It's very difficult to broadly claim that Svelte is the future, but I 100% agree that compile-time frameworks are the future. Million.js is like the intersection between VDOM + compile-time, as it can be further optimized through compile time and is aware of the compiler. Virtual DOM is super, super powerful in terms of declarative programming, and combining the two can achieve the best of both worlds.

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woojoo666 profile image
woojoo666 • Edited

well I guess the way I see it, virtual doms wont be needed when we move to compile time frameworks. The name "virtual dom" comes from the fact that it's an in-memory representation of the DOM. But this just adds unnecessary overhead, since compile-time frameworks compile the code such that operations are done on the DOM directly.

Ultimately, the new mindset is that the programmer writes their declarative code, and the framework/compiler decides everything between the code and the output. If direct DOM manipulations are optimal, the framework will do that. If a virtual dom is optimal, then the framework will output a virtual dom. Right now MillionJS feels like it's working with outdated technology. I think if MillionJS wants to be ready for the future, it needs to provide a more general framework for static analysis.

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aidenybai profile image
Aiden Bai Author

Generating straight imperative code has many downsides. For example, there would be an increase in the generated to source ratio, increasing bundle size, vs. just generating a data structure which would save a lot on bundle size. Even then, Million proves than in the benchmarks, it's able to match up against imperative DOM manipulations, thanks for shortcutting. Virtual DOM is here to stay, but it needs to evolve to mesh with the new paradigms.

Static analysis is great, but there are already so, so many SSG/SSR frameworks/integrations out there, namely 11ty, Astro, etc. These libraries have found it's very hard to achieve zero runtime (unless your page literally has zero interactivity). Million.js attempts to address this outdated technology and shift the VDOM paradigm to the modern age.

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woojoo666 profile image
woojoo666 • Edited

Svelte has already calculated the inflection point where the bundle size becomes larger than react, and it's much larger than most applications will reach, see here. Even so, as I said a smart static analysis framework would be able to generate a virtual dom if it were optimal (but I guess Svelte is not there yet).

but for now, I think virtual doms are starting to fall out of use. They may prove useful again in the future but right now it seems like frameworks like Svelte are just all-around better than virtual dom frameworks (aside from the maturity of React and Vue I guess). Though I am curious to see the benchmarks of Svelte vs MillionJS in some real life application.

Also note that SSR and SSG are not really static analysis technologies. They don't analyze the code, they just runs the code and generate the initial DOM tree. Static program analysis is in pretty early stages for web dev and Svelte is the first framework to utilize it and take off, at least from what I've seen (though I guess bundlers like Webpack sort of count as well, though the analysis is not as complex as Svelte's)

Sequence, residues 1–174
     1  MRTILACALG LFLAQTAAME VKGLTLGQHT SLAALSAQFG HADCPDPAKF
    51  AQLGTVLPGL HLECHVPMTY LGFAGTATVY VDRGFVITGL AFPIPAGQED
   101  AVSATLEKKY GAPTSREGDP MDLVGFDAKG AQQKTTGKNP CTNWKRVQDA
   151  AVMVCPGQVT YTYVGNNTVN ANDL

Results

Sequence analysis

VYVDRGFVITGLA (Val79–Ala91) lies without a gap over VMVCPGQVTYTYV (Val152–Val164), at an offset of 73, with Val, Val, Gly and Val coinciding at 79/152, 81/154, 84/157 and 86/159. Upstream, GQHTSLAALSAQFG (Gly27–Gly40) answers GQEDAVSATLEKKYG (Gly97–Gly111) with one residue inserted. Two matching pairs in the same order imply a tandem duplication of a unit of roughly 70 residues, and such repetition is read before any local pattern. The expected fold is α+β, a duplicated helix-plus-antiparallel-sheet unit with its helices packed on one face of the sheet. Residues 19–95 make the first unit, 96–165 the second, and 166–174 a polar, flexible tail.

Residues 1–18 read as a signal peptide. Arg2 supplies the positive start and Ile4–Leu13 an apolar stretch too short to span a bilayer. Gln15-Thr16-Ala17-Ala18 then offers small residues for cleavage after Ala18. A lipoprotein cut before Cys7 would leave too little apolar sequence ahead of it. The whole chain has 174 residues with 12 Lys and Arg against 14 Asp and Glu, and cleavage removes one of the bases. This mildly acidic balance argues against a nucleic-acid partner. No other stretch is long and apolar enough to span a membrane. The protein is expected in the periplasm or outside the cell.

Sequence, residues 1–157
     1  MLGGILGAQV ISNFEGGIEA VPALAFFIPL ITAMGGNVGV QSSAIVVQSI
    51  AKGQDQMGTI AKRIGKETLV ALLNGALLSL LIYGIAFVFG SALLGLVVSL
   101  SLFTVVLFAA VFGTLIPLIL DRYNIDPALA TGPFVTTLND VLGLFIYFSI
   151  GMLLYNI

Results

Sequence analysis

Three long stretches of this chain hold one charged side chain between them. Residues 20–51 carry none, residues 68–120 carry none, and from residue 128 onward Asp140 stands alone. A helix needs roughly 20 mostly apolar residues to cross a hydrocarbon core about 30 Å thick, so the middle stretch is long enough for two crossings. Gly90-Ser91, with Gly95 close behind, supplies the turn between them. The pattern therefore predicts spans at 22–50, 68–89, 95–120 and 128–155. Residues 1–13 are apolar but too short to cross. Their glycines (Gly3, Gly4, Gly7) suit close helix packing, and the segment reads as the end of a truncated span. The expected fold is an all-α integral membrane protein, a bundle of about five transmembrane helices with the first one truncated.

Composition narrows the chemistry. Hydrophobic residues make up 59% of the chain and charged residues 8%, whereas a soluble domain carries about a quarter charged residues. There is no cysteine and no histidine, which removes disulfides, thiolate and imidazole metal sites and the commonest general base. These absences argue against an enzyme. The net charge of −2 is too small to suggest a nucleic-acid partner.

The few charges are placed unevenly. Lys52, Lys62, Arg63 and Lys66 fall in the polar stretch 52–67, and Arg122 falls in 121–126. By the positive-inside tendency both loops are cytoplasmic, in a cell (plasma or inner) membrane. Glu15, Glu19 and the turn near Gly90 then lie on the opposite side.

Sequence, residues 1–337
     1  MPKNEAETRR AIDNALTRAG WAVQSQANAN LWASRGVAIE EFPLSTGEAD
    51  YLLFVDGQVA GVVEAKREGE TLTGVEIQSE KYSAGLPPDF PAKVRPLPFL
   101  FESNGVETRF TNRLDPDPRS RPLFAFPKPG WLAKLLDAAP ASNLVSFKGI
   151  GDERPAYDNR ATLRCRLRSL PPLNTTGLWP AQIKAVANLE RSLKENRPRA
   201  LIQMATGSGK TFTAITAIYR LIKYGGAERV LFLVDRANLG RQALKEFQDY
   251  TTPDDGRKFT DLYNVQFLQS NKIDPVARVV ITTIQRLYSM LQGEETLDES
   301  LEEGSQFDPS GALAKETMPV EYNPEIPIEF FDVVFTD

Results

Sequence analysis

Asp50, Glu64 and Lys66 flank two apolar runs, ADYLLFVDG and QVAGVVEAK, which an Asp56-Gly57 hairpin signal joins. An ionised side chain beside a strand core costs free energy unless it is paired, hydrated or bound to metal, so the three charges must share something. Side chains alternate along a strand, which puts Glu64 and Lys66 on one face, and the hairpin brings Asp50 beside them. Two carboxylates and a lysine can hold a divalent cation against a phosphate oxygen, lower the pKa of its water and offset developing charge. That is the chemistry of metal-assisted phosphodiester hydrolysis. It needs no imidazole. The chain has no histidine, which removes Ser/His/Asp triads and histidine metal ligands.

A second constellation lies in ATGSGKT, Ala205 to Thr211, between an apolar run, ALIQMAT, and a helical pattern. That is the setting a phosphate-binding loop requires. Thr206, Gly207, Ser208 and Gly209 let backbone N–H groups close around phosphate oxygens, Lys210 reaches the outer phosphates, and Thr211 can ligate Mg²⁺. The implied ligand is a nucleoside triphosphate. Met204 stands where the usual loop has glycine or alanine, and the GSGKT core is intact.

Anyways, I don't mean to disparage your work, I think it's an impressive and interesting project (otherwise I wouldn't have looked into it). I just think it has a few directions it needs to go if it wants to keep pace with modern developments.

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aidenybai profile image
Aiden Bai Author

The inflection point project you referenced looks really interesting - but it only compares React 16 and Svelte, which could differ from application to application. I could be misinterpreting the readme, but in my opinion I am doubtful of the results when applied to different scenarios, as there is just so much variablity possible that could change the inflection point(s).

It's very difficult to claim that Virtual DOM is falling out of use. While some popular + successful libraries like Svelte/Solid have outright rejected the Virtual DOM, a significant portion of libraries and newly created libraries will continue to use Virtual DOM. It's just so difficult to compare libraries because of subjectivity, and claiming that certain libraries are "all around better" than others is an overgeneralization in my opinion. I think a MillionJS and Svelte benchmark could be interesting, but they are so different that it would only be accurate for an indirect comparison (through a compiler library built to optimize for Million).

I think SSR and SSG do some static analysis. For example, astro removes any unnecessary code, some SSR/SSG do static prop, component and vnode hoisting (might be bundlers, I'm not sure), but I agree it's not to the extent of the application of static analysis in other programming langs. I think a possibile difficulty Svelte devs might be facing is just that flow analysis is hard (e.g. prepack), and it'll take time for this technology to develop.

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woojoo666 profile image
woojoo666

a lot of the stuff you mentioned is either runtime optimizations or bundling (which is static analysis, but it's really just tracing import statements to find which code is used and which isn't). And SSR just runs the code to generate a DOM tree, it's not analyzing the code or generating code . Real static analysis is difficult, as you pointed out. But that's why Svelte is making such big waves. And prepack looks to be going that direction too. It's a huge field with a lot of opportunity.